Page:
Led by Ash and his current research theme of investigating alternate methods of heat acclimation outside of the traditional lab-based environmental chamber protocols, the students also assessed the efficacy of wearing a sauna suit during exercise in temperate conditions (20⁰C, 40% relative humidity).
Josie Adams, 26, an ultra-endurance athlete sponsored by the charity Paramonte, approached Dr Neil Maxwell and the EEL team at the University of Brighton to aid her with preparations for the Coastal Challenge in February 2018 – a 236 km race through part jungle, over trails and up into alpine terrain. Of course, the EEL team did not hesitate in declaring their support for Josie. Rebecca Relf took the lead, organising the week leading up to Josie’s departure for Costa Rica, where temperatures during the challenge were expected to be around 30°C whilst also very humid (~60-80% relative humidity). Rebecca and three other PhD students (Jason Newbery, Greg Eichhorn and Rosie Lewis) supported Josie in completing 9 heat acclimation sessions in 6 days. Although, taking a backseat on this occasion, support in the form of spreadsheet design and heads popping into the labs by Ash Willmott and Neil was greatly appreciated.
As part of our HB710 – Applied Environmental Physiology – Module which sits within our MSc in Applied Sport Physiology or Applied Exercise Physiology we ran a debate yesterday which we have run for the last few years on which environmental extreme is worse – heat, cold or altitude? The idea came from two BBC articles that posed the question of which environment was more challenging. It was a fun activity at the start of the module to help contextualise some of the problems that environmental extremes can bring and allow some of the students who are newer to environmental extremes to become acquainted with the subject and considerations. There is an underlying objective, which is to make the students think more about how they use research evidence, especially in graphical or tabular form to strengthen their arguments and rationales as this will help them later in the module’s assessment, but also stand them in good stead beyond their degree.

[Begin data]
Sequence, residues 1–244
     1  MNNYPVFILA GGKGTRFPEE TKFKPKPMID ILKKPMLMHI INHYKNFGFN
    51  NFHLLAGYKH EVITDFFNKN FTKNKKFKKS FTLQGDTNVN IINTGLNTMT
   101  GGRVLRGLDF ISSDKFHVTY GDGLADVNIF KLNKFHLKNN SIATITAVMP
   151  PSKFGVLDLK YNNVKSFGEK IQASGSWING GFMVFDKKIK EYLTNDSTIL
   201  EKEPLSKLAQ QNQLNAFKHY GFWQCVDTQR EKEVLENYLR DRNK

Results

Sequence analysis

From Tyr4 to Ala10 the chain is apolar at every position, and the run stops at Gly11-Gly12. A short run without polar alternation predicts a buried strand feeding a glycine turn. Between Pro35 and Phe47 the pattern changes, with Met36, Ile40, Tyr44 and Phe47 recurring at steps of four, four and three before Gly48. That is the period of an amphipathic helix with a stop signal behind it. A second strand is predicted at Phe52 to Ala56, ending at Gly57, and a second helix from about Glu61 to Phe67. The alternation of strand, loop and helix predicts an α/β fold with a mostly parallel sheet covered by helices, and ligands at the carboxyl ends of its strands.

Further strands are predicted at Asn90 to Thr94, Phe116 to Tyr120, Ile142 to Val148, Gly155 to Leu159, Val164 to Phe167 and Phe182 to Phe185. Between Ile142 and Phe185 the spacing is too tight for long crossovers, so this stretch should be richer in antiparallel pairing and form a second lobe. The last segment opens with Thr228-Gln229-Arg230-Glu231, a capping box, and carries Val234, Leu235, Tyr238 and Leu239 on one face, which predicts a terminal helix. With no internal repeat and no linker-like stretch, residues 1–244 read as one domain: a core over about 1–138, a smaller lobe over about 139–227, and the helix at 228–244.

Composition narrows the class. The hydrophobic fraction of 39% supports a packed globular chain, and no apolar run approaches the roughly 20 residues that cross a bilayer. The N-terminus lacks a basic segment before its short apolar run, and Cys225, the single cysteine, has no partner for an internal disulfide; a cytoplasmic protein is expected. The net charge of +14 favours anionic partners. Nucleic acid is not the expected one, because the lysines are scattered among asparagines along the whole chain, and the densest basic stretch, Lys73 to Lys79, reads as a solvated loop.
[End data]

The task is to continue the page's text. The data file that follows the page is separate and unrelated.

Research by Emily Watkins into practical pre-cooling methods for PPE wearers during severe heat exposure was published in Applied Ergonomics today (15/2/18). Pre-cooling is a method used to reduce core temperature, heart rate, and the sensation of being hot when individuals are exposed to hot environments. The aim is to reduce core temperature before the heat exposure, meaning an individual will stay at a safe core temperature for longer. In our previous study “Fire Service Instructors’ Working Practices: A UK Survey” it was indicated that few instructors used pre-cooling and those that did were using a variety of methods. This study aimed to assess three practical pre-cooling methods currently being used by instructors, to identify which method is the most beneficial in terms of reducing physiological and perceptual strain experienced from a heat exposure. Inflammatory responses were also investigated, as they can be markers of an increased risk of a cardiovascular event. The pre-cooling methods used were ice slurry consumption, phase change vest, and forearm cooling.